Home' The Southern Cross : February 2017 Contents Page 8 February 2017
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Adapting to a new culture, a different
education system and learning English
were just some of the hurdles overcome
by refugees who completed their Year 12
studies in 2016.
Three students who spoke with The
Southern Cross said their ATAR results
could not have been achieved without the
support from their teachers and school
community... and a lot of hard work. They
are now all looking at continuing with
university studies, although that pathway is
sometimes difficult due to their citizenship
Mahtab Karimi achieved an ATAR of 96.50
and hopes to study medical radiation
imaging at the University of South
Australia, however she will need to put this
dream on hold until after she receives her
citizenship in July and becomes eligible for
Originally from Afghanistan, her family
fled the war and settled in Iran where
Mahtab was born and raised. Seeking a
better life and educational opportunities
for his family, her father made the journey
to Australia in 2011. Two years later he
was granted a permanent visa and he
sponsored the family to join him.
As the eldest child it was Mahtab’s
responsibility to take care of the family’s
needs in terms of language, even though
she had minimal English knowledge.
She studied English at Thebarton Senior
College and then attended Mary MacKillop
College in 2015 and 2016.
“I am constantly inspired by Mary
MacKillop’s story, where she overcame
much hardship to achieve her goals and
dreams. I would like the opportunity to
continue with my own dreams by starting
my university studies as soon as possible,”
With an ATAR of 89.70, Leila Yeganehmehr
also wants to attend university but said
obtaining a scholarship was her only
option as she couldn’t afford the fees.
“Unfortunately, as I’m an asylum seeker
there are so many barriers for me to study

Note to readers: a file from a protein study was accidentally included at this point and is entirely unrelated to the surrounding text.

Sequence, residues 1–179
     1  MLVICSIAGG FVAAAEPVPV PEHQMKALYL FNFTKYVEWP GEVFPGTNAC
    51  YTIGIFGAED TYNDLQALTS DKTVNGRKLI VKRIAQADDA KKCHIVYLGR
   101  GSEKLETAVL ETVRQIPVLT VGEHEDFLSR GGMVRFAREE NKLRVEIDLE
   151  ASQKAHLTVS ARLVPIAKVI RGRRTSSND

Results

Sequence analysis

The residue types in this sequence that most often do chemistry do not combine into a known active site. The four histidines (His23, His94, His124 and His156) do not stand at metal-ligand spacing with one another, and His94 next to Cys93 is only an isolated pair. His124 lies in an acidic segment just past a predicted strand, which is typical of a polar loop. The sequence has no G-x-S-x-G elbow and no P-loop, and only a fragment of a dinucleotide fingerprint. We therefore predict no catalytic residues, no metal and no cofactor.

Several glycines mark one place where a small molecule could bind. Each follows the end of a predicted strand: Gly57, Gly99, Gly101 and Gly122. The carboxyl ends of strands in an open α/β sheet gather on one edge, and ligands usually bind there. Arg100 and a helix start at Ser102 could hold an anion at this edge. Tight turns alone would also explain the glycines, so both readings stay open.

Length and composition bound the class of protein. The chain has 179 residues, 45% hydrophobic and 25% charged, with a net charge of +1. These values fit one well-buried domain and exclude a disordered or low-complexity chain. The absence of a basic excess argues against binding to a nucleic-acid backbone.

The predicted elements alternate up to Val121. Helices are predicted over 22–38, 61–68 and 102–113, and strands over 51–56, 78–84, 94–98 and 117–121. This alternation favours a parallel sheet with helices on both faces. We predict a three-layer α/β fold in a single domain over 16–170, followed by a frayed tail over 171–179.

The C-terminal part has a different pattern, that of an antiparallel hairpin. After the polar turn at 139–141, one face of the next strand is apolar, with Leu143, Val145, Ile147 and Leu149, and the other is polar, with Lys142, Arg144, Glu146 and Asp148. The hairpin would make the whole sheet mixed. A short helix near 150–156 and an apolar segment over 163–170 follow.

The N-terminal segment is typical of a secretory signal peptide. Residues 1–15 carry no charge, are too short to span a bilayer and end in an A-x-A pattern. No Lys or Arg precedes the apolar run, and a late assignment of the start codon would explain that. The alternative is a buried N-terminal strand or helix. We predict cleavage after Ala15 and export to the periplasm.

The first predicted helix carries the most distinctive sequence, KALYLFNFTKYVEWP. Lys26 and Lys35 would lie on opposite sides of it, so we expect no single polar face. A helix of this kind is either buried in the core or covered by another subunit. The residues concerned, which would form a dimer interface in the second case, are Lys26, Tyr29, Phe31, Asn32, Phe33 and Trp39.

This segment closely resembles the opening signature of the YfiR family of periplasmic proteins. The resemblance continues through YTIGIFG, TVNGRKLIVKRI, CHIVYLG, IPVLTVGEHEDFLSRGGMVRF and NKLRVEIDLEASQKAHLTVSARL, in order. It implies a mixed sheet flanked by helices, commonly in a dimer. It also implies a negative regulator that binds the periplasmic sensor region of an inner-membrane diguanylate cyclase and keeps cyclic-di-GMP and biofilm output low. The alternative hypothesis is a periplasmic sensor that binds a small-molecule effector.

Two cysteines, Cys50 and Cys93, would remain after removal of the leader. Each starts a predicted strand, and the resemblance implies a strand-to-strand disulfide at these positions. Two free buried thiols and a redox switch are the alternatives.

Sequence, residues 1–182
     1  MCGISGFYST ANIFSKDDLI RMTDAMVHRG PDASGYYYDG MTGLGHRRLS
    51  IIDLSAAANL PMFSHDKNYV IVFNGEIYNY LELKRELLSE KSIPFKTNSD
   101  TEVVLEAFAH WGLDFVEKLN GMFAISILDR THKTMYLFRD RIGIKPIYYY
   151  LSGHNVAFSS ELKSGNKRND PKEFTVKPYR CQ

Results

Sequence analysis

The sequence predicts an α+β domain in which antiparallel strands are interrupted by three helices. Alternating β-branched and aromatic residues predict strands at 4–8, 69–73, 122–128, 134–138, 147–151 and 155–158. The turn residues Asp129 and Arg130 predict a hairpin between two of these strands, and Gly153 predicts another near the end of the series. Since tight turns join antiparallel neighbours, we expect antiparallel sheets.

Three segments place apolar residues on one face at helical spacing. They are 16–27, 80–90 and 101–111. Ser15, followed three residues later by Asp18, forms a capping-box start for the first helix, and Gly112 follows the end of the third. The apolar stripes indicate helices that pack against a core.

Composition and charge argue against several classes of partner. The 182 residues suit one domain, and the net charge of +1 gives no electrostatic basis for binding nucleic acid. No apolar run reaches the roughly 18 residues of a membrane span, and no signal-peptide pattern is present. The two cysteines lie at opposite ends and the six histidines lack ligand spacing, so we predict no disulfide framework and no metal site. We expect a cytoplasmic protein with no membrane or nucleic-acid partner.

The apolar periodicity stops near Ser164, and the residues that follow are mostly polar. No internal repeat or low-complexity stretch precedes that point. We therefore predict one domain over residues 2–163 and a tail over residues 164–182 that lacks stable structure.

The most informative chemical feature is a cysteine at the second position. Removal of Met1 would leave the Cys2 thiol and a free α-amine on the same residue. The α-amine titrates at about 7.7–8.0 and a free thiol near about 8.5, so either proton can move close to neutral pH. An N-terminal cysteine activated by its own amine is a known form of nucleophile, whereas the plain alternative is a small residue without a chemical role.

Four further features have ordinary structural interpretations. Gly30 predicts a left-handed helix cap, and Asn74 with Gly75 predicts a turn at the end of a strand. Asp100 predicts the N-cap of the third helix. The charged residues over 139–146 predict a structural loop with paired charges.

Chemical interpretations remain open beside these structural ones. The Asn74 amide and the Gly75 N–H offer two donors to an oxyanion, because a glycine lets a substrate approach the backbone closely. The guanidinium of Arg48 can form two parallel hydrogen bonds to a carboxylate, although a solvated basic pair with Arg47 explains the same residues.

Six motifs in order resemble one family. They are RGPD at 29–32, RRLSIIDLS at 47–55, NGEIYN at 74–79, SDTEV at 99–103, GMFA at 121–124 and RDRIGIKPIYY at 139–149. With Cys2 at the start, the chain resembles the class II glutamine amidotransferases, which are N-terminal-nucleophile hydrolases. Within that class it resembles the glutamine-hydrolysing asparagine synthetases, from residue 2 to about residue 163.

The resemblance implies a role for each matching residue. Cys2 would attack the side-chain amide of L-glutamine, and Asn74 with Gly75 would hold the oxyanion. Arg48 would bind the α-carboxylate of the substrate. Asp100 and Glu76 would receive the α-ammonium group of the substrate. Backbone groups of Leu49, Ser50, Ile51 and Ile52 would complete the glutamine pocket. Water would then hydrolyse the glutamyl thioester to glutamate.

in Australia. I hope to pass the English
test required for international students and
then be accepted for the asylum seekers’
scholarship,” she said.
Leila arrived in Australia three years ago
but without her academic records from
Iran she couldn’t apply for university.
The Dominican Sisters of the Holy Cross
Congregation supported her to reconnect
with schooling here. They formed a
partnership with St Mary’s College to
support Leila financially and in 2015 she
repeated Year 11 and then completed Year
12 in 2016 at age 21.
“During these two years of study at St
Mary’s I received so much help from my
teachers in many aspects such as the
language, the Australian educational
system and the Australian culture.
“To anyone who is reading this piece,
please do your best and never give up,”
Born in South Sudan, Acot Cikom’s results
are also impressive. With an ATAR of
92.55, including an A in ESL (English as a
second language) and A+ in society and
culture, she hopes to study in the medical
field in 2017.
During her time at St Dominic’s Priory
College she won the respect of staff
and her peers, being voted on the SRC
Executive in 2016. Acot was awarded a
special prize for being the most committed
student in ESL in Year 11 and last year
received the School Spirit Prize for her
contribution to the school community.
By Lindy McNamara
INSPIRATIONAL: Acot Cikom with Leila Yeganehmehr; and Mahtab Karimi (far left).
Photo: Nat Rogers
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